December 1 – North America/Latin America: UNITED STATES/MEXICO
Mexican Foreign Secretary Luis Ernesto Derbez condemns U.S. President George Bush’s plan to build border fences between Mexico and the U.S. The fences are intended to deter illegal immigration across the 2,000 miles of U.S.–Mexico border. Experts believe the fence will not deter migration because of the large wage gap between the two countries.
December 1 – Former Soviet Republics/Europe: UKRAINE
The European Union announces that Ukraine has made significant progress in reforms and grants it the status of a market-economy country. The move is expected to boost Ukraine’s trade relations with the EU.
December 2 – South Asia: NEPAL
Pro-democracy demonstrators stage Nepal’s biggest rally since King Gyanendra seized power in February. An estimated 40,000 protesters demand democracy. Also, Maoist rebel leader Prachanda extends his militia’s unilateral cease-fire for another month, saying that this peaceful approach against the king’s autocratic regime will boost the organization’s popularity.
December 2 – Europe/Former Soviet Republics: BELARUS
In advance of the 2006 presidential elections, Belarus’ parliament passes a law that makes mass protests illegal and punishable by a three-year jail term. The administration states that the law is designed to stop any demonstrations similar to those in Ukraine that sparked the Orange Revolution.
December 4 – Former Soviet Republics: KAZAKHSTAN
Incumbent Kazakh President Nursultan Nazarbayev officially receives 91 percent of the vote in the presidential election. However, according to the Organization for Security and Cooperation in Europe (OSCE) observers, the election was marked by irregularities such as multiple voting, ballot tampering, intimidation, and media bias. Nazarbayev has been in power since 1989.
December 5 – Latin America: VENEZUELA
Supporters of Venezuelan President Hugo Chavez take all 167 seats in parliamentary elections, which were boycotted by the five main opposition parties. Only one-fourth of Venezuela’s 14.5 million eligible voters participated, compared to 56 percent in the 2000 parliamentary election. The opposition argues that the low voter turnout invalidates the election.
December 6 – Europe/North America: ROMANIA/UNITED STATES
The United States and Romania sign a deal allowing the U.S. to use Romanian military bases, the first such agreement to be signed with a former communist country in Eastern Europe. The deal is a part of the Pentagon’s plan to reduce and reposition U.S. troops in Europe, placing them closer to potential trouble spots in North Africa, the Middle East, and Central Asia. Romania is a U.S. ally with troops stationed in Iraq.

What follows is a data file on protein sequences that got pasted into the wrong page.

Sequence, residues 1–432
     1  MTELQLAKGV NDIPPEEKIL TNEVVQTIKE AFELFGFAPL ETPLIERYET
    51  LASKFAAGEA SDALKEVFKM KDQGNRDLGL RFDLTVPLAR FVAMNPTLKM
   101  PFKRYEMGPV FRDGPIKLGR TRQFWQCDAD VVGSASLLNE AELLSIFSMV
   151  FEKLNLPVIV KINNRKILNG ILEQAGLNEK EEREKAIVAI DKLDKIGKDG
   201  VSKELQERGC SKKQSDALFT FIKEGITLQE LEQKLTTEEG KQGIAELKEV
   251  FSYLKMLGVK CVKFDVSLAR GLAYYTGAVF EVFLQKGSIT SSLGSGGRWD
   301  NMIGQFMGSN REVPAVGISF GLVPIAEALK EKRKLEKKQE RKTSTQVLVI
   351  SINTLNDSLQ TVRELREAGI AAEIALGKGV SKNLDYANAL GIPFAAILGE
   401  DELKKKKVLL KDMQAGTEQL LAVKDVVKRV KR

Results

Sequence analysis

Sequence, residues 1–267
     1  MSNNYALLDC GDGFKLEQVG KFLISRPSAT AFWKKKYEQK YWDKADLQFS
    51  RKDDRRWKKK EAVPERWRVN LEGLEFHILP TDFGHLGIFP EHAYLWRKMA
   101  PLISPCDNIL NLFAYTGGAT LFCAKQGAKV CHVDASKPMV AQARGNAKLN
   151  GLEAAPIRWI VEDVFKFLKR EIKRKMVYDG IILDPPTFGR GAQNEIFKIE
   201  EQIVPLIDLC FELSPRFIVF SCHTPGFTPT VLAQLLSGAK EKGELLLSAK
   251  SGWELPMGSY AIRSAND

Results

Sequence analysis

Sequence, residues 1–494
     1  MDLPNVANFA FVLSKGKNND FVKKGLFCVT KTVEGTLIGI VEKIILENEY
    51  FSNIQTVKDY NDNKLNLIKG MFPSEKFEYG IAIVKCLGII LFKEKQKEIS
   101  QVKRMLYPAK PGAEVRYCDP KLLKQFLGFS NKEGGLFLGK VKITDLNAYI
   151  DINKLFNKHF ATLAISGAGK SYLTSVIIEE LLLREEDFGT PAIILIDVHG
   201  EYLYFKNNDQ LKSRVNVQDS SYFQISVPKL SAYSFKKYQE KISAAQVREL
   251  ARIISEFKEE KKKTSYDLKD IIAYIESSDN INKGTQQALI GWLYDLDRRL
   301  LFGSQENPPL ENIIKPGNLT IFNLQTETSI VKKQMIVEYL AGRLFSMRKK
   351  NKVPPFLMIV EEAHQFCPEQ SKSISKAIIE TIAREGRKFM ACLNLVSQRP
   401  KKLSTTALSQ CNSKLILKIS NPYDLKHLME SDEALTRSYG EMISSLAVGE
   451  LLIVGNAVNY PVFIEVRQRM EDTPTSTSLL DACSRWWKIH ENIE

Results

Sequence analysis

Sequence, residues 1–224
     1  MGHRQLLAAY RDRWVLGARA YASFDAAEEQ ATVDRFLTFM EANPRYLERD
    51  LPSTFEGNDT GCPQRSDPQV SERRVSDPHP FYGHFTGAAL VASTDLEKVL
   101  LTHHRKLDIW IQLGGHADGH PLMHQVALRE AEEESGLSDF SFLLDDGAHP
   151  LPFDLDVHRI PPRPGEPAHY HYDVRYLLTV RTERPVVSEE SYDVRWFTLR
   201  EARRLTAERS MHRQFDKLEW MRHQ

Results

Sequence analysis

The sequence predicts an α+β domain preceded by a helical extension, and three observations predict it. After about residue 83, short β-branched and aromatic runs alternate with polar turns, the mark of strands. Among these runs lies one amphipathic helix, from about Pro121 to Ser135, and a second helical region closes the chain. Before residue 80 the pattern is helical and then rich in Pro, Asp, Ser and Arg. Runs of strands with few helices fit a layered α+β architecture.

December 8 – Africa: KENYA
Sixteen ministerial appointees in Kenya refuse to take up their posts, arguing that President Mwai Kibaki failed to discuss the appointments with the coalition partners. Kibaki fired his previous cabinet after losing a constitutional referendum last month, which is seen as a rejection of his policies. In this situation, the opposition parties say Kibaki should call for an early general election.
December 8 – International Organizations/Africa: UNITED NATIONS/ZIMBABWE
After his four-day trip to Zimbabwe, Jan Egeland, the United Nations’ Under-Secretary-General for Humanitarian Affairs, says the country is in a dire situation. Since 1990 life expectancy in Zimbabwe has halved to 30 years, 20 percent of adults are HIV positive, inflation has reached 500 percent, about 500,000 people have been left homeless after the government’s demolition program, and three million people will need food aid over the next year. Egeland calls Zimbabwean President Robert Mugabe’s policies criminal.
December 8 – Latin America: HONDURAS
Porfirio Lobo, the ruling National Party’s candidate in the Honduran presidential election, concedes defeat to the Liberal Party’s Manuel Zelaya Rosales. Formerly an investment minister, Zelaya campaigned on reducing bureaucracy, making the government more responsive, and creating an open economy. Both candidates had vowed to reduce crime rates and poverty in Honduras, where 30 percent of people are unemployed.
December 8 – Latin America: PERU